You may have read about the product recall on the now infamous Note 7 handset, we have heard news that soon Samsung will be releasing a software update to render any remaining devices not returned for a replacement useless, in the interests of safety. More information can be found via the link.
Over the years, we have seen all types of damaged handsets, be it dropped in the sink, left out in the rain, dropped, smashed screens, etc.
Often we are asked if there will be any other issues after the handset is repaired. Usually the answer is no, as typically a few replacement parts and the handset is as good as new (albeit with a few new battlescars).
Sometimes, particularly in the case of metal framed handsets, the frame can develop a slight bend, or some scratches or dents, potentially weakening the handset, but usually this is not a problem.
However, we also sometimes get asked what is the worst state a phone has been in when brought in for repair….
Well, to answer that question, here is what happens when a phone is dropped while someone is moving at speed, bounces, and through sheer bad luck, bounces under a moving truck….
Suffice to say, despite our best efforts, the unfortunate iPhone 6 was beyond repair….
So, if you ever have the misfortune of accidentally damaging a handset, know that the odds are, it can be repaired, and that it could be much worse.
It’s not the first time rival ads have targeted the iPhone. Samsung’s Galaxy S3 campaign depicted Apple fans being blown away at the prospect of the headphone jack moving to the bottom of the iPhone.
Why did Apple remove the jack?
Apple insist that removing the jack allows more space for the speakers for improved sound, but sceptics see it as a ploy encouraging consumers to invest in accessories that will only work with Apple devices.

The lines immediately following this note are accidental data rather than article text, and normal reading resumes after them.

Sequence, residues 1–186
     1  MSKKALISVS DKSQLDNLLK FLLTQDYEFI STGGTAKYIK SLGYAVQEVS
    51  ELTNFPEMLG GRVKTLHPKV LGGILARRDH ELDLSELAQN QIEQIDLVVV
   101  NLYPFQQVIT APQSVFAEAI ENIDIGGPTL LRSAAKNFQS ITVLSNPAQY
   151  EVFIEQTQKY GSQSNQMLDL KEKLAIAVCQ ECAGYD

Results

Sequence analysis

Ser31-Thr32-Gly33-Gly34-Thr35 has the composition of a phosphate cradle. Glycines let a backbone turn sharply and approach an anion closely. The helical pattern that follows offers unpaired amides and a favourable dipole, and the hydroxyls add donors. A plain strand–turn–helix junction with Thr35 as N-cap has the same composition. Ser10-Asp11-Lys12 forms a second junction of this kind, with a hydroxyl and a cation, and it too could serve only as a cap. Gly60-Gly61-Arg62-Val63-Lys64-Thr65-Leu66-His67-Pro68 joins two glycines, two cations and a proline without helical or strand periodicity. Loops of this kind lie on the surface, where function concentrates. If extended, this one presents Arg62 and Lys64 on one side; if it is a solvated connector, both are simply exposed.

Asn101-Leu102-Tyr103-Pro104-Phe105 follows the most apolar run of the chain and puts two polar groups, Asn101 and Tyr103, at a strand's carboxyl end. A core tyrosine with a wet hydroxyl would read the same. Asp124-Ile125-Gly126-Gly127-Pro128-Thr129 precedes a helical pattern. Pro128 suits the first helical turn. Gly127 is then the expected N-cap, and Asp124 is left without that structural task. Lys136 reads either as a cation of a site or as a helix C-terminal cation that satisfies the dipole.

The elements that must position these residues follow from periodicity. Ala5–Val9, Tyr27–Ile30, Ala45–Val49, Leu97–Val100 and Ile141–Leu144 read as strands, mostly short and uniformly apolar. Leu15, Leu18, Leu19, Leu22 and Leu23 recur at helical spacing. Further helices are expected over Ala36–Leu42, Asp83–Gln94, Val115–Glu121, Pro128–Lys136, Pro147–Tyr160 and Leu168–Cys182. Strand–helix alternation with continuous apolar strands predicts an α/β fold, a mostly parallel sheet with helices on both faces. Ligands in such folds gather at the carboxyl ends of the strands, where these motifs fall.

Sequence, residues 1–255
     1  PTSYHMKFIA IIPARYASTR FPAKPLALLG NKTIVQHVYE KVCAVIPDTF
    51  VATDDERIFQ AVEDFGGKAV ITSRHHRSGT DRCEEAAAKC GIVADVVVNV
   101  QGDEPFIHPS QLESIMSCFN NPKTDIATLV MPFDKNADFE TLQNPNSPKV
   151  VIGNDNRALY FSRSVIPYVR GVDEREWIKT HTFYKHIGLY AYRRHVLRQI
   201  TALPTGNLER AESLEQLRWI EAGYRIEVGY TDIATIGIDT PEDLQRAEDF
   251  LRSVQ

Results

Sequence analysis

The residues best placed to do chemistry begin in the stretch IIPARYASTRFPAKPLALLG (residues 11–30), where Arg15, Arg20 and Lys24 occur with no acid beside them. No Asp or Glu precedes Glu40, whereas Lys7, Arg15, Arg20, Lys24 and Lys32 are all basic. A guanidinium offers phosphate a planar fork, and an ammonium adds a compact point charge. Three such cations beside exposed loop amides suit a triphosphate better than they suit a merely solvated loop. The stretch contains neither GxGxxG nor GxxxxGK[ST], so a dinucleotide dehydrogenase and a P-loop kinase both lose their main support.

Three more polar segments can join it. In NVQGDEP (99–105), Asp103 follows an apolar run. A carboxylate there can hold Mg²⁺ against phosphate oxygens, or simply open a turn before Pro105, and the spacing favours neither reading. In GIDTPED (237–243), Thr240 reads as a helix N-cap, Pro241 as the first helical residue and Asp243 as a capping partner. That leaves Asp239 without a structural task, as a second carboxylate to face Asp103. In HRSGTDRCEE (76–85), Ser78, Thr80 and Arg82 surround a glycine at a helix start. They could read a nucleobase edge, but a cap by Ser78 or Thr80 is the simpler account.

Reducing unnecessary ports is logical. Nokia phones once had a charging port as well as a micro USB port that accepted charge.
But the 3.5mm headphone jack has featured in every major smartphone to date barring the iPhone 7. Since Apple are unlikely to make a U-turn, it is an opportunity for rival brands like Google to entice consumers who don’t like the idea of using an adapter or wireless headphones.
Other manufacturers may be tempted to join Apple in dropping the 3.5mm jack, leaving only a USB Type-C jack, which would inevitably lead to more headphones and adapters. Belkin would surely rejoice.
Time will tell if Apple made the right call. But their rivals aren’t waiting to use it to their advantage.
Unless you’ve been living under a rock for the past few weeks, you will have no doubt heard about Samsung’s flagship device – the Galaxy Note 7 – having a number of serious problems.
After initial reports of batteries catching fire, Samsung first offered to swap all Note 7 handsets with a supposedly fixed version.
Samsung’s woes continued, however, when even the newer versions were found to have the same defect.
The company have now permanently ceased worldwide production of the doomed device, leading experts to believe the saga has caused “inevitable” brand damage to the South Korean tech giant.
“It’s a huge blow, but Samsung still have the Galaxy S7.”
Despite the handset not being released in the UK, the story still made headline news and will almost certainly affect their mobile phone sales going forward.
What’s next for Samsung?
Although it’s a huge blow for the market leader, Samsung still have strong handsets in the UK with the Galaxy S7 and its curved edge variant, as well as the likes of the A3 still proving popular to the mid-range market.
But consumers in the UK are still left wondering if and when the next Galaxy Note will hit the shelves, considering the UK missed out on the Note 5 and Note 7 (they skipped using the Note 6 name, allegedly to avoid sounding inferior to the iPhone 7).
One thing’s for certain: Samsung need to pull a rabbit out of the hat with their next smartphone.
With Google hyping their new Pixel device (manufactured by HTC behind-the-scenes), Samsung could have a fight on their hands being the strongest competitor to the iPhone if they’re not careful.
And finally, it goes without saying that Samsung will need to invest heavily in their testing facilities, not only for safety reasons, but to reassure potential consumers that their next big device is only explosive in the metaphorical sense.